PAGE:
The event, founded by AREDAY Executive Director Chip Comins in 2004, began as the result of a film he made and later screened for the Aspen City Council. The subject of the film was the Rosebud turbine, the country’s first utility-scale wind turbine installed on tribal lands – in this case those of the Rosebud Sioux Tribe of South Dakota. While producing the film he learned that one-third of the country’s electricity could be generated by wind power on tribal lands.
Aspen City Council responded to the idea of wind power with such an outpouring of support that it sparked Comins’s brainstorm to hold a renewable energy street fair.
Comins described his conversation with the mayor following the screening.
“We should do a renewable energy day,” he suggested.
“Yes, you should,” she responded.
And thus, AREDAY was born.
AREDAY began as a one-day event created for the purpose of “promoting education and awareness of renewable energy and energy efficient technologies as practical solutions to global warming,” according to the nonprofit organization’s mission statement. Five years later, it has grown into a three-day conference.
The theme this year is “Engaging America’s Renewable Spirit,” and guests including outspoken media mogul, environmentalist and the country’s largest private landowner Ted Turner; composer and philanthropist Peter Buffett; President and Chief Executive Officer of The Paley Center for Media Pat Mitchell; and Earth Policy Institute president Lester Brown will be featured, among many others.
The conference will feature renewable energy demonstrations, family activities and live music with John Michel and Michael Jude from the local Aspen band Take the Wheel and a special performance by John Oates (of the 1970’s “rock and soul” duo Hall and Oates fame).
The event kicks off Thursday, Aug. 21, at 3:30 p.m., as speakers including Julienne Stroeve, PhD, discuss the problem of climate change at the Aspen Institute’s Paepcke Auditorium. Stroeve, a research scientist at the National Ice and Snow Data Center, in 2007 authored a startling study that determined that the Arctic Ocean sea ice was melting faster than climate change models had predicted.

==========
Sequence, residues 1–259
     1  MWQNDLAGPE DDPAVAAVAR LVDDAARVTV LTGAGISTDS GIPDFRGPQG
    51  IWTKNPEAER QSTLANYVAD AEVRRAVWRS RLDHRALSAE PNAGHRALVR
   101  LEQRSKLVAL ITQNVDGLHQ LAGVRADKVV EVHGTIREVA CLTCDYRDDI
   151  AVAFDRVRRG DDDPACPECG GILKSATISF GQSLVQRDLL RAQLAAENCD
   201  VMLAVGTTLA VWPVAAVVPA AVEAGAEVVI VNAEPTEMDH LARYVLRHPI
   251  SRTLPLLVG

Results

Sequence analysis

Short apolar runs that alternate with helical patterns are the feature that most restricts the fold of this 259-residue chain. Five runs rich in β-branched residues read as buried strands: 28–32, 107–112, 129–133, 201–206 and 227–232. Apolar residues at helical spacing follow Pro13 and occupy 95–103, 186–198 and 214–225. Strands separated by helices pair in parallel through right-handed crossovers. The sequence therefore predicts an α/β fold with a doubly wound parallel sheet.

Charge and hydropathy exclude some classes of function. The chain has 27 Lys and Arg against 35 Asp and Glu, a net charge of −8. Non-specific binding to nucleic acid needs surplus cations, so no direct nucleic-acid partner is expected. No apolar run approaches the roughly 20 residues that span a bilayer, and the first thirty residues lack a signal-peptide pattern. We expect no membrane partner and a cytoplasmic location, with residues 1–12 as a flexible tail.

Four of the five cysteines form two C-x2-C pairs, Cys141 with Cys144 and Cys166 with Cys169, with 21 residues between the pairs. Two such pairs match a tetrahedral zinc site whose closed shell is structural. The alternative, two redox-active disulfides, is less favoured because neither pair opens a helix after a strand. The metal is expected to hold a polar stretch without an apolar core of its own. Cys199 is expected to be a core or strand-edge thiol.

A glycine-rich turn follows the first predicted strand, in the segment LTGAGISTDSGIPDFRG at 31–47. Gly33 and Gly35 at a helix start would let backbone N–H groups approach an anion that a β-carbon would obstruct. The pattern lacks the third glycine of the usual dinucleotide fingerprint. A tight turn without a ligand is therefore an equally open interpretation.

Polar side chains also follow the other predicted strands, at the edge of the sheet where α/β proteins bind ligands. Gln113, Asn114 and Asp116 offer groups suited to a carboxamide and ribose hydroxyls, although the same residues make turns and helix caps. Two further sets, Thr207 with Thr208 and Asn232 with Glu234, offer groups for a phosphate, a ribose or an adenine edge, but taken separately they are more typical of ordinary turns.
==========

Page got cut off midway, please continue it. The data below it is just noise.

The documentary, Burning the Future: Coal in America, will be screened at 6:30 p.m., followed by a question and answer session. Written and directed by New York City-based filmmaker David Novack (disclosure – Novack is a friend of this reporter), the film examines mountaintop removal mining operations in the Appalachian coalfields of West Virginia, and the conflict between local residents and a coal industry that has leveled 1.4 million acres of peaks and valleys in their backyard.
Some residents, including those from longtime coal mining families, point to mountaintop removal mining as the source of their contaminated groundwater, devastating flooding, illness and disease, while others consider the industry their economic savior. As a result, the film also illustrates the social impact of the practice and the community rifts that have developed in its wake.
While the opening day of the conference focuses on the problem of climate change, the Friday, Aug. 22 program at Aspen’s Wheeler Opera House will focus on potential solutions.
The Earth Policy Institute’s Lester Brown will discuss his book Plan B 3.0: Mobilizing to Save Civilization in which he puts forth a comprehensive plan to reduce carbon dioxide emissions 80 percent by 2020 in order to minimize future temperature increases.
That evening, the documentary Fields of Fuel, winner of the Sundance 2008 Audience Award, will be screened. The film follows activist and alternative fuel expert Josh Tickell across the country as he deconstructs America’s fossil fuel addiction and discovers that the development of and distribution infrastructure for sustainable fuels are growing trends.
Beginning at 9 a.m. on Saturday, August 23, AREDAY will present its first children’s climate solution panel at the Wheeler Opera House. The panel will feature award-winning children’s book author and illustrator Lynne Cherry, award-winning environmental photographer Gary Braasch, and student activist Smitha Ramakrishna, a member of the Arizona Governor’s Youth Commission and 2006 recipient of a President’s Environmental Youth Award administered by the U.S. Environmental Protection Agency.
“I feel like kids [speaking] on climate change is the most important voice in our world,” Comins said, describing his belief that children can address the issue in a way adults cannot, and his hope that perhaps in doing, children may influence the political world.
“They get this issue more than anybody,” he said.
At noon the action moves to the Cooper Street Mall and Wagner Park for renewable energy demonstrations, family activities, live music and free ice cream.
The evening will feature a performance by Buffett and the Sacred Wind Dancers as well as a conversation between Turner and the Paley Center’s Mitchell.
Comins hopes that AREDAY may serve as a means to bring people together to address climate change.
“[Climate change] is the three-trillion-ton gorilla in the room we’re all ignoring,” he said. “The only way out of this is if we all come together.”